UFC 218: Holloway vs. Aldo 2 results and analysis after the fight – tech2.org

UFC 218: Holloway vs. Aldo 2 results and analysis after the fight


UFC 218 promised to be an entertaining card, and that's what fans at the Little Caesar & # 39; s Arena in Detroit, Michigan were treated. The main event featured Max Holloway's successful defense of his featherweight title, as he once again stopped Jose Aldo in the third round, just like when they met at UFC 212. This fight was similar in some ways, different in others. Aldo threw more kicks in the leg as promised, which was great to see, but also participated in a shootout with Holloway, which was a sure route to win. He does not have the ability to keep up with Holloway, his various attacks or his accuracy. The way Holloway went to the body early and often in the two previous rounds, combined with Aldo's willingness to throw heavy punches, weakened Aldo from his cardio, and the end result was that Aldo came out on his shield but not with the belt. [19659002] Max Holloway is a phenomenal fighter and I hope to see him defend his belt against opponents other than Jose Aldo. Obviously, Frankie Edgar was the original opponent and with luck we see Holloway-Edgar in 2018, but there is also the possibility that Brian Ortega will beat Cub Swanson next week. I'm also totally ready to jump the gun and look forward to the pure butcher that Holloway can create at lightweight.

More thoughts on the card tonight:

Main card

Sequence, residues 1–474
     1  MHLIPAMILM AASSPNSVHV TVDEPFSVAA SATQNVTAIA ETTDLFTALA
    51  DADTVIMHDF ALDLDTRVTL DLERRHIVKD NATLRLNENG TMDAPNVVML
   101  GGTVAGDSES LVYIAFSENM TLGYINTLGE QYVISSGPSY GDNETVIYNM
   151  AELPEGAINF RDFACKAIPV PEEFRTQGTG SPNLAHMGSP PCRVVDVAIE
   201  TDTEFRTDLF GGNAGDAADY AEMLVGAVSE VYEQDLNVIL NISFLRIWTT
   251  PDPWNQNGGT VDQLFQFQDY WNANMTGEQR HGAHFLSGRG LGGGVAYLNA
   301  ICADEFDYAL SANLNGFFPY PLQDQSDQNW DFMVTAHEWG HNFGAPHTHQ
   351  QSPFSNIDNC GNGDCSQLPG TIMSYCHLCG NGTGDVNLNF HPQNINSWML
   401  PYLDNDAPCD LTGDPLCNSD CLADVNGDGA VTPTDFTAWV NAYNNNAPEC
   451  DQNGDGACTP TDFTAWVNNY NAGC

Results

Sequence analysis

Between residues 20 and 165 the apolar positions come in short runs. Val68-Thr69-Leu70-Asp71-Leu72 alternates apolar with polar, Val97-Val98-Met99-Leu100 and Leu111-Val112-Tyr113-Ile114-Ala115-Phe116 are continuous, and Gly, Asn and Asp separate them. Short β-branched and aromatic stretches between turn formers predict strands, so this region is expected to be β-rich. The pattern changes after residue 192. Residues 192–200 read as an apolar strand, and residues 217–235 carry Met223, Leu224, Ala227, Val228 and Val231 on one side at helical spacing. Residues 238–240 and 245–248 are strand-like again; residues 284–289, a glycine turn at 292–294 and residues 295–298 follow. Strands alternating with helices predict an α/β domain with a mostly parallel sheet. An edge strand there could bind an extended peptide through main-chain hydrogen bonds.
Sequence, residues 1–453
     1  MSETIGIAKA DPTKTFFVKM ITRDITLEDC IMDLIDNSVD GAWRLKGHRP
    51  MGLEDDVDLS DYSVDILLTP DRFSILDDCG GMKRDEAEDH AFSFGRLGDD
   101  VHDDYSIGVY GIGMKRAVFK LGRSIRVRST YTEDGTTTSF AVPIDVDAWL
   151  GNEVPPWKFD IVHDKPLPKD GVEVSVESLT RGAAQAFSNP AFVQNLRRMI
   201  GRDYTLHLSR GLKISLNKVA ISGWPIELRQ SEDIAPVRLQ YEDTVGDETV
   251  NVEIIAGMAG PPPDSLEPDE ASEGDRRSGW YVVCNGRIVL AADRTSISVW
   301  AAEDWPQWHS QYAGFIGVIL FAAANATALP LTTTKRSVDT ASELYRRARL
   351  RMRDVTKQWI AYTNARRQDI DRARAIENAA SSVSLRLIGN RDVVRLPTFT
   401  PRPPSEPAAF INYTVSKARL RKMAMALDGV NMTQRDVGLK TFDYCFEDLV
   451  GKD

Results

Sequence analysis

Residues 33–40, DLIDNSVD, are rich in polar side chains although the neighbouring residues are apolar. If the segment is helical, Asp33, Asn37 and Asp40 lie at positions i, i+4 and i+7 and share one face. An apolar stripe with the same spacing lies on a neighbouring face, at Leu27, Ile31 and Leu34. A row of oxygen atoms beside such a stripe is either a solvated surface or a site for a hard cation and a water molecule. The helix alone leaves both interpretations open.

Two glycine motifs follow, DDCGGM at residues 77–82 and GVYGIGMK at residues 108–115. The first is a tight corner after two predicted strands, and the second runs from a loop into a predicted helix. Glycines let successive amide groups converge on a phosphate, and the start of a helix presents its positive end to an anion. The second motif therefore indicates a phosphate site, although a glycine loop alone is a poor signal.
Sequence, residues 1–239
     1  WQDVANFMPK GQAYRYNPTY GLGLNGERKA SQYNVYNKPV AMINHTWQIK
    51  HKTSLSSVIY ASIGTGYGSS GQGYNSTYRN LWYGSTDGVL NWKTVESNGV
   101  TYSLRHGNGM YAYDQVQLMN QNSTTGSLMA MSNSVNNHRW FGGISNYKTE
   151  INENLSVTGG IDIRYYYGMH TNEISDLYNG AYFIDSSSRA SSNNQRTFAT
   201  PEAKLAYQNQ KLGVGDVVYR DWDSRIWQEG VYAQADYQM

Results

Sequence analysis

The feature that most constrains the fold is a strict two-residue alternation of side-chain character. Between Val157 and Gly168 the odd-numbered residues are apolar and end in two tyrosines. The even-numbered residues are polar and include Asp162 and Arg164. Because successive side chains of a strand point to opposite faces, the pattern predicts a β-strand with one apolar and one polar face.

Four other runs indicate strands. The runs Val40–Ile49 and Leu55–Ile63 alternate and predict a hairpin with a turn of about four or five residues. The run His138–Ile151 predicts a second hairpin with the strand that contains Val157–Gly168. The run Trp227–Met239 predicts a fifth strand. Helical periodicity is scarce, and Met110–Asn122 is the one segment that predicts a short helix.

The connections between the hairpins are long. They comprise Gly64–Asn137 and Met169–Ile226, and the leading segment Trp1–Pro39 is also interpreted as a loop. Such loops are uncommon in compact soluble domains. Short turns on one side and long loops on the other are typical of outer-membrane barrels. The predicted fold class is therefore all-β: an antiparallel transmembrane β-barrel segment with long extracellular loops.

• If it was not clear now, Aldo is not going to be a champion again, Holloway closed the door on Saturday night. He is a great player of all times whose achievements in MMA are remarkable, but he is not destined to be. The 2017 version of Max Holloway beats José Aldo every time, and that's the nature of combat sports. You have your career at the top, then there is a new generation of fighters that are made to suit you.
  • Alistair Overeem has been knocked out a lot of times in his career, but what Francis Ngannou did to him on Saturday The night was one of the most absurdly cartoony and yet frightening knockouts I've seen in any form of combat sport. Ngannou detonated his left hand in Overeem and I swear I thought that Alistair's head would separate and fly out of the arena. I can not wait for Stipe Miocic vs. Francis Ngannou
  • Henry Cejudo used his struggle and struggles to win the decision by bleached Sergio Pettis. That said, I do not think that's the performance that will have anyone clamoring for a rematch against Demetrious Johnson, especially considering how he brutalized Wilson Reis in his previous bout. I wonder if the UFC will really push for DJ to take over T.J. Dillashaw with the way Cejudo-Pettis happened.
  • Eddie Alvarez knocked out Justin Gaethje with a violent knee to culminate a quintessential violent fight between Alvarez-ian and Gaethje-ian. And what crazy? There's no way to win Fight of the Night when you consider Oliveira vs. Medeiros in the preliminaries. Gaethje hit Alvarez's legs repeatedly, but it was Alvarez who surprised me with his best defense, and most importantly, a commitment to body piercing that left Gaethje struggling to implement his pressure attack. That was really great for Eddie, and I think he would have won the decision even though Gaethje was winning round 3 until the knockout. Gaethje's unbeaten run ended, and he said he would be knocked out in his next ten fights by signing with the UFC, and it only took him two.
  • Alvarez is one of the five largest lightweights in the history of MMA and I consider his light resume to be better than BJ Penn's without any doubt. The man is absolutely an icon of the sport and it is an honor to observe him, because he has given us so many memorable fights.
  • Tecia Torres scored a clear unanimous decision victory over Michelle Waterson by kicking the main card, with Waterson unable to resolve Torres's right hand that landed several times on his face. Torres really hit a Waterson tired of the rear saddle in the final round, which won him the round and thus the fight. I really believe that Torres will fight for the straw weight title next year, just wait and see.